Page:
Letter: The end goal is technology that fights all pathogens

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Updates to the letter

Hannah Kuchler’s article “Preparing for the Next Pandemic” (Big Read, August 19) raises important questions about pandemics and preparedness for threats to public health.

The decade since the H1N1 flu virus, and the past 18 months in particular, has taught us a lot. As one expert notes, it is essential to maintain factories in a ready state during the “interpandemic period”. It is difficult to maintain partially publicly funded facilities designed to respond to threats to public health. This requires constant investment from government and private industry – commercial contracts alone are not enough and imposing full preparation costs on taxpayers is a significant challenge given the government’s many priorities.

In the United States, of four government-funded manufacturing facilities, Emergent’s is the only one to provide a vaccine drug substance to help immunize tens of millions of people around the world.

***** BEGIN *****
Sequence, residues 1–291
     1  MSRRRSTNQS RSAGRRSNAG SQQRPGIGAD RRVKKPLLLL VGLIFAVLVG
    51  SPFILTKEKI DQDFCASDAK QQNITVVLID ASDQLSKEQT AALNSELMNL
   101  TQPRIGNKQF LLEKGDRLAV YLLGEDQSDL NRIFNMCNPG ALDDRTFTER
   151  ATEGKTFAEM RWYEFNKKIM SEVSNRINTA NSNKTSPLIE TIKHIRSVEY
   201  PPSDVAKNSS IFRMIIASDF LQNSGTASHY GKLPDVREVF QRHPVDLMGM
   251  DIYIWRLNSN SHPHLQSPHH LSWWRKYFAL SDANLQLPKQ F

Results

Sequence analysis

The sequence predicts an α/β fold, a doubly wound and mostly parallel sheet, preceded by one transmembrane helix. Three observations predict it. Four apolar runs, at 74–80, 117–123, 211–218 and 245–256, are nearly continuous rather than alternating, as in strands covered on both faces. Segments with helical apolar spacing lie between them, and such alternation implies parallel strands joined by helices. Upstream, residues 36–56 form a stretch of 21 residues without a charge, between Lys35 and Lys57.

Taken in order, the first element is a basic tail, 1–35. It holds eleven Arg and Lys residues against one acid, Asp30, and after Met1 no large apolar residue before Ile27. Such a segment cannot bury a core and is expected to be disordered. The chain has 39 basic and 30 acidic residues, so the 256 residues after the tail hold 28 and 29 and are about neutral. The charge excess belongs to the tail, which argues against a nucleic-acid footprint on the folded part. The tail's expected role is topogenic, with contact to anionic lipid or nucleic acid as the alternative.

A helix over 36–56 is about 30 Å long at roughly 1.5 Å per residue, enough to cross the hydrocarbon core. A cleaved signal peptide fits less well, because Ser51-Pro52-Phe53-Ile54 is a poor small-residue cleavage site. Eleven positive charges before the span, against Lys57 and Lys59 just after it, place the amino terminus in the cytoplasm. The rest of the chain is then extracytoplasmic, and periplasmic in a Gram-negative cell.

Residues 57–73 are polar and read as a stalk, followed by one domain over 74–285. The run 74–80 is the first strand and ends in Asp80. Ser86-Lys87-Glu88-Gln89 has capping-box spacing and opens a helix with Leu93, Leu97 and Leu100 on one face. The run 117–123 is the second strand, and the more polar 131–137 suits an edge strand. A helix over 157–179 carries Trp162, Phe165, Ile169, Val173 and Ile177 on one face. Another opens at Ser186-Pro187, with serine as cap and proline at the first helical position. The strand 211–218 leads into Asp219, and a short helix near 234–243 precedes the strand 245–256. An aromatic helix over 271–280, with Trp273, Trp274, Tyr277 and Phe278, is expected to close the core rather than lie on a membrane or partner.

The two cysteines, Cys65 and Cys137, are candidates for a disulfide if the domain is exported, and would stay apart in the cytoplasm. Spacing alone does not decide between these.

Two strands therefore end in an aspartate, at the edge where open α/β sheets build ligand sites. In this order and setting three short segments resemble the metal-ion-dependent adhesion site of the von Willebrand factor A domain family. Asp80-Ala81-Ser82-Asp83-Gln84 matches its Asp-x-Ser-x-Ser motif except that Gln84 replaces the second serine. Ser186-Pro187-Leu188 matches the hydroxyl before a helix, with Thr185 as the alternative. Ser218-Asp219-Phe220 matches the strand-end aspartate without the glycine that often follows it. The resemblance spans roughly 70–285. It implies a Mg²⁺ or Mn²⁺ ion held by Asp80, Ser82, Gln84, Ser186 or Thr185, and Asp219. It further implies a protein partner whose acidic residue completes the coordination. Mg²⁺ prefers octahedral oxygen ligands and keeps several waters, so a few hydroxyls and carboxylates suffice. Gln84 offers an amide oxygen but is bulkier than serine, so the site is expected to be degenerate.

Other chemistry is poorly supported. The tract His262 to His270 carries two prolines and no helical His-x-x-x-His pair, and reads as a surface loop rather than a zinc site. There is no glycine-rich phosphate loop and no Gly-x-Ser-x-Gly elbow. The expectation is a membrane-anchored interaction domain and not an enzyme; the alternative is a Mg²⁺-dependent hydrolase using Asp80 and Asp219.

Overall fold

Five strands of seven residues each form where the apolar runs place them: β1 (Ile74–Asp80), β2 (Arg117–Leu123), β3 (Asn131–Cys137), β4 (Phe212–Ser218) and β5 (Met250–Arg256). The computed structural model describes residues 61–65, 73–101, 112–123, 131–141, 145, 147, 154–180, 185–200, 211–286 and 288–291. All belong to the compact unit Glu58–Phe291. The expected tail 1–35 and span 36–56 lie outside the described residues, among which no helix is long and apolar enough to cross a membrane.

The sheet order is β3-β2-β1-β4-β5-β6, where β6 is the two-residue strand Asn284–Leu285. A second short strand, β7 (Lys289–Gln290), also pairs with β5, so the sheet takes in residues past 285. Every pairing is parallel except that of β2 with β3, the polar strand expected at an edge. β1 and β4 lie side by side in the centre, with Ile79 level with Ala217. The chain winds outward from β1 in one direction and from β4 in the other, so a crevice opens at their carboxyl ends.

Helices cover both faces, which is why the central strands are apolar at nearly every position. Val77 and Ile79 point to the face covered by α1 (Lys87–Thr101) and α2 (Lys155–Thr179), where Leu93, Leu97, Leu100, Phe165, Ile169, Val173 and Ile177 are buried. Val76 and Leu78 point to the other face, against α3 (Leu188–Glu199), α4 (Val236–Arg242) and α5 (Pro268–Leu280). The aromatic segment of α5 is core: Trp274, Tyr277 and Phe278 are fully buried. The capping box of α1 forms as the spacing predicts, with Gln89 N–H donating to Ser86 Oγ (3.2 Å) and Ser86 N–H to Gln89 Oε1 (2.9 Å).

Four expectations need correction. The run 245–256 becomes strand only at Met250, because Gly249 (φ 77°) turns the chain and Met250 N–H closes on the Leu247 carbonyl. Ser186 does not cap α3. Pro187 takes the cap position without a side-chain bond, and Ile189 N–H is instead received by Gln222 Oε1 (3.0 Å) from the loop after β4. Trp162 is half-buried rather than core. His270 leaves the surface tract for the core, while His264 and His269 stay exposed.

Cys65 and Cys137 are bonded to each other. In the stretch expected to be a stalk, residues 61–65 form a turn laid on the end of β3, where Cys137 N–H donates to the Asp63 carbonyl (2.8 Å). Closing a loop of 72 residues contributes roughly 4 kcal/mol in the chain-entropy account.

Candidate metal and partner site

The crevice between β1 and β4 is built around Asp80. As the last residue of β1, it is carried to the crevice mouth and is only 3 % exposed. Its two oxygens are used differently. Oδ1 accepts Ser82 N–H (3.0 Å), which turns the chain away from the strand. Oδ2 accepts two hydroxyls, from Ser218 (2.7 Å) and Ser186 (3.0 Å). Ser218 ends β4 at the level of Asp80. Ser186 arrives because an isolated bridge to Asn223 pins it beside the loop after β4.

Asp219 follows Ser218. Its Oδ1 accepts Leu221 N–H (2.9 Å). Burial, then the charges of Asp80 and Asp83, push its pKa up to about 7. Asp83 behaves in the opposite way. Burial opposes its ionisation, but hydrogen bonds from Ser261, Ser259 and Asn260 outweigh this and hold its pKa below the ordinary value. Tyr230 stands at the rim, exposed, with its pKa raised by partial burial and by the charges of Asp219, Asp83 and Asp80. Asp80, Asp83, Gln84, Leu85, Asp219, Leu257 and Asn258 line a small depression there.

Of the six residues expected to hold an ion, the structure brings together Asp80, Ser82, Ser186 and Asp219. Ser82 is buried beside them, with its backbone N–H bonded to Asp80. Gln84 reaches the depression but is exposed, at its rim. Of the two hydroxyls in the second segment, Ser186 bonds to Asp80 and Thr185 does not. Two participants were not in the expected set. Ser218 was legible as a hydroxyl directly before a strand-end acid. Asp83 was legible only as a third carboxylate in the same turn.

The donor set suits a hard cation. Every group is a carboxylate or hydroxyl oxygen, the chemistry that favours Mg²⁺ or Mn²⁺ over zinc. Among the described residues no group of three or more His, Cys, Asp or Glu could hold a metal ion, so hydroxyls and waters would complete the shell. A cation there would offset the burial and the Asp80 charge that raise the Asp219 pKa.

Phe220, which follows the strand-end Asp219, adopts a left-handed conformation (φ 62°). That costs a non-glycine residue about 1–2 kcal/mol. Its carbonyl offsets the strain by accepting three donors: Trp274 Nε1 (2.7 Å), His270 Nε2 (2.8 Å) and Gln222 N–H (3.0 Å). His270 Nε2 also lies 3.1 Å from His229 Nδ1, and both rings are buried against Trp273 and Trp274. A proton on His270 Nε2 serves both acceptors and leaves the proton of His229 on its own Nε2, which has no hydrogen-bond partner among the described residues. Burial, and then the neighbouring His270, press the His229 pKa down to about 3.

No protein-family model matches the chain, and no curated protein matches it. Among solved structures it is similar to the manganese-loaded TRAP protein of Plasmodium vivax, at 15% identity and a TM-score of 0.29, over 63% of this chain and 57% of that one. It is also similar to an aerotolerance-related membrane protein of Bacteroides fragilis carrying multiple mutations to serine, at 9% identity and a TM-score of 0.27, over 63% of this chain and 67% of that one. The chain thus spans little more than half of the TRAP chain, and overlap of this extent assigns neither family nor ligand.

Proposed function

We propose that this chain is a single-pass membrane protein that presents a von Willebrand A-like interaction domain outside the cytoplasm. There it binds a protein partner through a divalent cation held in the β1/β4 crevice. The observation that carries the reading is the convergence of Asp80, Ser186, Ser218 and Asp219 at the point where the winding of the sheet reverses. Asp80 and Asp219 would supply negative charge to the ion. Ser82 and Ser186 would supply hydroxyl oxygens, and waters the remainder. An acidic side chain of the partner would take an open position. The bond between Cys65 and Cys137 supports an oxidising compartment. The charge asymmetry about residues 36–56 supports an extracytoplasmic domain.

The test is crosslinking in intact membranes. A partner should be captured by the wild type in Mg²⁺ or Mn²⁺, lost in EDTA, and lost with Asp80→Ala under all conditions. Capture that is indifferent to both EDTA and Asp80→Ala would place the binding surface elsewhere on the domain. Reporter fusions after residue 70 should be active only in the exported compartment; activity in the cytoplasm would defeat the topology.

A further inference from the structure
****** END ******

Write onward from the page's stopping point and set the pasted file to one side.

We do not agree with those who advocate throwing away everything that has been learned over the past decade. While this approach has not delivered as many doses as quickly as we, or anyone else, would have liked, the country’s manufacturing capacity is greater today than in 2009. Further expansion is needed. , but it requires more investment in preparation than the government. was ready to do.

We also oppose our qualification, cited by the article, of “technology of yesteryear”. Vaccine manufacturing is complex, and advancements are not as straightforward as the next upgrade download. Fortunately, several technology platforms have been shown to be effective in developing antibodies to help protect people against the coronavirus.

Importantly, despite more than a century of research, no one has yet developed a technological platform that works against all pathogens. We’re all still looking for this, but until it happens, an effective national preparedness strategy must be able to quickly manufacture products based on many different types of technology.

We are not yet out of this pandemic and Emerging’s priority remains to manufacture as many vaccines as quickly as possible. We look forward to using our experience to help shape and improve our public health systems.

Adam havey
CEO
Emerging BioSolutions
Gaithersburg, Maryland, United States


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